In their own opinion, the dissenting judges cited other cases they said indicated the officers had sufficient justification for a search. "While it may be true, as the majority finds, that individually these circumstances were 'susceptible of an innocent interpretation,' here, they have to be viewed as a progression of actions, with each circumstance increasing the level of the police officer's suspicion," wrote Justice James M. Catterson. "Thus, I would find that taken together, they provided the officer with reasonable suspicion that the appellant was illegally carrying a gun in his backpack."

'Reasonable Suspicion Existed'

The dissent echoed a major point made in the dissenting opinion in the June 26 case, in which a 14-year-old identified as Darryl C. was found to have been subjected to an illegal search because officers did not have sufficient evidence that he was, had been or was about to be engaged in criminal behavior. In both cases, the majority opinion said an officer's hunch was not enough to justify a search.

"This case has a somewhat different fact pattern than the recent Darryl C. decision, in which the majority opinion found a frisk of a juvenile who illegally possessed a concealed, loaded firearm invalid," Mr. Cardozo said. "However, today's decision is the second in one week from the First Department in which three of the five judges reversed the trial court and found—erroneously, we believe—that the police lacked 'reasonable suspicion' to conduct a frisk. In each case, the facts gave rise to a reasonable suspicion of danger to the arresting officer. Interestingly, the police officers' searches also revealed dangerous weapons.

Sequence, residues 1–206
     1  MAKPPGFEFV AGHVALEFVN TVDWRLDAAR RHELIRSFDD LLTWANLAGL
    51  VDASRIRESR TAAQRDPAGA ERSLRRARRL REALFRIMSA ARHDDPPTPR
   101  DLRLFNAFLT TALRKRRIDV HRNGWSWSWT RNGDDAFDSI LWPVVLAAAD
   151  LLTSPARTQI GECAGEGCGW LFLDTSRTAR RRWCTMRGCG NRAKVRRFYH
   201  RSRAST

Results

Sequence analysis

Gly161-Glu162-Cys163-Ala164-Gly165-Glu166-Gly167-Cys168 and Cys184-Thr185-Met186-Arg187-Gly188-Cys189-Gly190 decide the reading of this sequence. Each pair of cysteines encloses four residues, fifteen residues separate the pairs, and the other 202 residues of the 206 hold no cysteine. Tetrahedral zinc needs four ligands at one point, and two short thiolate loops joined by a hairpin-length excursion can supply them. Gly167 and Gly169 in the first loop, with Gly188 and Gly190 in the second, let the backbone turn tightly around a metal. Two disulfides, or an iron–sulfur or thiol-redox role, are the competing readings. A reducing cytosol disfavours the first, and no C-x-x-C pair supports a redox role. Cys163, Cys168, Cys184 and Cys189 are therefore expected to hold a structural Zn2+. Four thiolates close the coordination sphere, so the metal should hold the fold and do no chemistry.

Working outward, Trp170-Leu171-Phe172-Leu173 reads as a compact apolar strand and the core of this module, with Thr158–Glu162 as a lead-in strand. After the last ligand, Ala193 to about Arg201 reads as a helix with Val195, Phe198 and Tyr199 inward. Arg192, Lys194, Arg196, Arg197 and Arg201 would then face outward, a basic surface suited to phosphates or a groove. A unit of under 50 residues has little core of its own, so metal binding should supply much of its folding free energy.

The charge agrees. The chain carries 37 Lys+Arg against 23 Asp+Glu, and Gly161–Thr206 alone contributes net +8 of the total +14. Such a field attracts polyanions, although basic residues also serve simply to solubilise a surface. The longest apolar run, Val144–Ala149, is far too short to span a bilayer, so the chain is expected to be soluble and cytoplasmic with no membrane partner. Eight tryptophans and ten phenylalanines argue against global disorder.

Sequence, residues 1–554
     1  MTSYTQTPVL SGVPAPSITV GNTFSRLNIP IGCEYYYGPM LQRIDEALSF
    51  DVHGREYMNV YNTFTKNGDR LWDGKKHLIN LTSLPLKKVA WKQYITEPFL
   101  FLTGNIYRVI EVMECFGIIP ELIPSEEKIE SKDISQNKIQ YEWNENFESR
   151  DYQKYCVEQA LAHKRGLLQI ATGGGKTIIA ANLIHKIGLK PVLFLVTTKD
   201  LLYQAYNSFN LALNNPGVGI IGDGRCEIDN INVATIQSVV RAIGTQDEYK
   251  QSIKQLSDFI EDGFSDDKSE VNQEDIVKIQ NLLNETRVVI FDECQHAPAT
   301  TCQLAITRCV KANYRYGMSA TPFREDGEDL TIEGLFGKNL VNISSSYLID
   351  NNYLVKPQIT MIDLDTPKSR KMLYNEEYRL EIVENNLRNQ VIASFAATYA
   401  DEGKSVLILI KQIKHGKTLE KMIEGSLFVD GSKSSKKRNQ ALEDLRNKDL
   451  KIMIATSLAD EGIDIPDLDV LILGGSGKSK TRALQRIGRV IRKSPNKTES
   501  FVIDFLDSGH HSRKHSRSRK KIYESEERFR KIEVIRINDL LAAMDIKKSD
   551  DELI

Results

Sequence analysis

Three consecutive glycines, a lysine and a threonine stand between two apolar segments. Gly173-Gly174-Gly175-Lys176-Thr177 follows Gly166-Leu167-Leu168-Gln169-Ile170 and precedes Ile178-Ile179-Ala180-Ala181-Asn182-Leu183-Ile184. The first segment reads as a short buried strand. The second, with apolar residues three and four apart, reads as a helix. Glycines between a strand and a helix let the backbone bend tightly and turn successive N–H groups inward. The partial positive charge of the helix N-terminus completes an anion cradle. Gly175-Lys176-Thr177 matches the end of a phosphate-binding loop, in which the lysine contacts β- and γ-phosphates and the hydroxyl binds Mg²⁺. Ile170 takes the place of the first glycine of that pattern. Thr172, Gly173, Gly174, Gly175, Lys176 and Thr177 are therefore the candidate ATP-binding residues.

"In this particular case, the police officer observed the juvenile engage in suspicious behavior at night in a high-crime neighborhood," Mr. Cardozo continued. "In particular, the police officer saw him kneel down between parked cars and carefully transfer an object—large enough to be a gun—from his waistband to his backpack. Under the circumstances, the police officer had reasonable suspicion to stop and frisk the juvenile. As the encounter proceeded, and the juvenile falsely denied that he had anything in his backpack, the police officer had at least reasonable suspicion, if not probable cause, to search the backpack. At any rate, the juvenile consented to the backpack search."